Death Race

Death RaceThe Game: Two players control one car each, careening freely around an arena filled with zombies. Faced with zombie-fication at the pedestrian crossing of the undead, the drivers have only one option: run over their opponents! See the videoEach zombie that’s squashed leaves a grave marker behind that becomes an unmovable obstacle to zombies and cars alike. Whoever has run over the most zombies by the end of the timed game wins. (Exidy, 1976)

Memories: Death Race, which didn’t even come within shouting distance of having anything to do with the movie of the same name, was the arcade game that sparked the very first protests about violence in video games. Those protests go on to this very day, with games like the latest iteration of Grand Theft Auto and Bully drawing fire for depicting various kinds of real world violence. Compared to those much more recent games, it’s almost laughable to think that the abstraction of Death Race was where some parents first drew the line. Why? Because Death Race was the first person to put stick figures – a representation of a human being – on the screen and let you do something nasty to them. Continue reading

Star Fire

Star FireThe Game: This may sound awfully familiar, but you’re the lone surviving pilot of a space squadron decimated by enemy attacks. The enemy’s bow-tie-shaped fighters are closing in on you from all sides, and you must keep an eye on your own fighter’s shields, weapon temperature (overheated lasers don’t like to fire anymore), and ammo, all while trying to draw a bead on those pesky enemy ships. You’re also very much on your own – nobody’s going to show up and tell you you’re all clear, kid. (Exidy, 1979)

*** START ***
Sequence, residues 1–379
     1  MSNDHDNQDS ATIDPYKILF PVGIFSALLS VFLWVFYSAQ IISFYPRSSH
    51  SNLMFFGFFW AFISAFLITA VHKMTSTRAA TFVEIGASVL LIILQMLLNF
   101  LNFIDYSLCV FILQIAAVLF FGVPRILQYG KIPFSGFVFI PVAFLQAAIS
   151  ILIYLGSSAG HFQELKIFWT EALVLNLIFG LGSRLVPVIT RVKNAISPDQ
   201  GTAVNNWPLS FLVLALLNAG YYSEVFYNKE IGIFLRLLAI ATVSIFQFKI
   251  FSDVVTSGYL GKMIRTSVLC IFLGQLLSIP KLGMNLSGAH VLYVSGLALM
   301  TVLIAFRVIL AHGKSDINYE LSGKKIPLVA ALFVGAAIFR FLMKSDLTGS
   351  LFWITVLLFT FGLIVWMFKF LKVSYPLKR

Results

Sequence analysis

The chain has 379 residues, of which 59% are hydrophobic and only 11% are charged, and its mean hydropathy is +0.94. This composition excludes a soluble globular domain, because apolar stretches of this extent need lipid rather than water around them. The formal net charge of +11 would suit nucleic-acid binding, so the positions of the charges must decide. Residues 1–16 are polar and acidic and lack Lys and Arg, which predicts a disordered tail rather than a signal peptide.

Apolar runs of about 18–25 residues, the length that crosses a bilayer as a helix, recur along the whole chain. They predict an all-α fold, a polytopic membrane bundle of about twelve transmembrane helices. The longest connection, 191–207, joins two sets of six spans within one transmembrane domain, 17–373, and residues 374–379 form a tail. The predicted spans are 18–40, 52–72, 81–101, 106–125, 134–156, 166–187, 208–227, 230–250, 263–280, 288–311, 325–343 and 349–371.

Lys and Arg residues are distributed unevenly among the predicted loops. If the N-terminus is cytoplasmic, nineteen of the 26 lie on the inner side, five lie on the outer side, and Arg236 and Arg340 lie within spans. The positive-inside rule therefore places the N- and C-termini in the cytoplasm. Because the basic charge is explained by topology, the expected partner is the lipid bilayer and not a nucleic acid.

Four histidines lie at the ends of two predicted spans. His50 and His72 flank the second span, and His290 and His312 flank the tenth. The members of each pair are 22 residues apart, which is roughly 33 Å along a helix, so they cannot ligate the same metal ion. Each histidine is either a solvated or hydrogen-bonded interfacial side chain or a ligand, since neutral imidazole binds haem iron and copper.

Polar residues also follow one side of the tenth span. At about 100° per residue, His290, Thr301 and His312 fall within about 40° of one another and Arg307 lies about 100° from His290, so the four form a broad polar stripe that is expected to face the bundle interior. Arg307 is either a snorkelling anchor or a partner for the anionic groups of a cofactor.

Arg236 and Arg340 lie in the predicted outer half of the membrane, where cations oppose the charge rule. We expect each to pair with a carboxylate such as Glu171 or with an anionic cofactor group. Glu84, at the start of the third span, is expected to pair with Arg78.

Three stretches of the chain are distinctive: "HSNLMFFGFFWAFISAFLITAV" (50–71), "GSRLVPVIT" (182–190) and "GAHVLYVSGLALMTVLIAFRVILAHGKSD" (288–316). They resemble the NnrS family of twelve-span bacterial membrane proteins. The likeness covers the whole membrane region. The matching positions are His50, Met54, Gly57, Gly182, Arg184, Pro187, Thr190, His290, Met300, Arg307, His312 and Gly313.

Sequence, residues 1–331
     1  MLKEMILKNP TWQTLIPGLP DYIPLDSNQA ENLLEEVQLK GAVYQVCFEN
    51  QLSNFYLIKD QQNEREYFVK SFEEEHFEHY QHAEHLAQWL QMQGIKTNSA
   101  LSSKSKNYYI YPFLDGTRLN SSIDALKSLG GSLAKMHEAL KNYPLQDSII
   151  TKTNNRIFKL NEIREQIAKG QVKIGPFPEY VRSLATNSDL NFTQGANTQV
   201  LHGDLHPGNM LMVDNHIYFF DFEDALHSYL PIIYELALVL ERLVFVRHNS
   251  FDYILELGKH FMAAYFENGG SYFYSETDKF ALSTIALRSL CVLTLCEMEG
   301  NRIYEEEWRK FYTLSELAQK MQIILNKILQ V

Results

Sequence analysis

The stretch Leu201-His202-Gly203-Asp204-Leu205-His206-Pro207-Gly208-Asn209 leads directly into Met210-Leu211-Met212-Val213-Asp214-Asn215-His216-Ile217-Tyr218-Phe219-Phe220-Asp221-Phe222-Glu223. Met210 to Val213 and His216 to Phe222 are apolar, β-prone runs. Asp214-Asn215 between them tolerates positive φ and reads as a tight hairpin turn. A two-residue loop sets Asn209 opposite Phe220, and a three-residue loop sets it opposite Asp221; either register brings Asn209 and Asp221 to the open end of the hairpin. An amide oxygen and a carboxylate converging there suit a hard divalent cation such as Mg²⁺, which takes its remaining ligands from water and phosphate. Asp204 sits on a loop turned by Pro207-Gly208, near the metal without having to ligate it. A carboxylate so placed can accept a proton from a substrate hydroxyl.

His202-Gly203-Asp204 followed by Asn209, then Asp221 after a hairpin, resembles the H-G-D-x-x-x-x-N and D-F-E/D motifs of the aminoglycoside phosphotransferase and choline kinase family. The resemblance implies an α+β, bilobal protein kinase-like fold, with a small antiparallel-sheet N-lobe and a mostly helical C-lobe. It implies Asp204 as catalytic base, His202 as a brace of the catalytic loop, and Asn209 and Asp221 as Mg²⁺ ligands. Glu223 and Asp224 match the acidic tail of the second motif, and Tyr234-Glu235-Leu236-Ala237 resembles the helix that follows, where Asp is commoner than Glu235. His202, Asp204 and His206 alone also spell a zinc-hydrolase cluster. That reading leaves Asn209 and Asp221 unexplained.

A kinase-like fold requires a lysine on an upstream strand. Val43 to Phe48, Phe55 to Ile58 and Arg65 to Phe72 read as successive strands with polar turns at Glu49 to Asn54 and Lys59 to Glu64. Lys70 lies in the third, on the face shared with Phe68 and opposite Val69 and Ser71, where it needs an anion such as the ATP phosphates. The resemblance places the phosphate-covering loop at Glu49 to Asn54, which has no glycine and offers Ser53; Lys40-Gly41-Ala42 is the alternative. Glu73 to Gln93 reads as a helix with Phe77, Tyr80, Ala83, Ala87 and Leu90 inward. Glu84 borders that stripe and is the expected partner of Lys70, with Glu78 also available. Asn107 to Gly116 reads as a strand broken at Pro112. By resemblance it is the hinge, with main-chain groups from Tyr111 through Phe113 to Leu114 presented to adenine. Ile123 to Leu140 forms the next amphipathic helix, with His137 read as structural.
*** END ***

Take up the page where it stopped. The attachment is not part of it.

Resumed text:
Memories: It didn’t just sound familiar – Exidy’s 3-D blast-o-rama Star Fire looked familiar – its TIE fighter-shaped enemies and the typestyle seen in its attract mode were straight out of Star Wars. How it escaped a legal dogfight is hard to fathom – unless it has something to do with George Lucas and 20th Century Fox not wanting to remind everyone that the only other exponent of that galaxy far, far away in 1979 was the Star Wars Holiday Special. Continue reading

Targ

Targ - photo courtesy Tim SniderThe Game: You’re trapped in a symmetrical maze with a bevy of robotic target vehicles – “Targs” – which are programmed to do just one thing: collide with your vehicle. You have one advantage on these decidedly mean streets, however – you can fire missiles ahead of your car (but the Targs are capable of dodging your projectiles too, so don’t get too cocky). Every once in a while, one of the impregnable blocks in the maze will disgorge a new enemy which is just a little bit faster and deadlier than the rest. Clearing the screen of Targs advances you to a new level with faster enemies – and eventually they’ll put the brakes on your attempts to survive. (Exidy, 1980)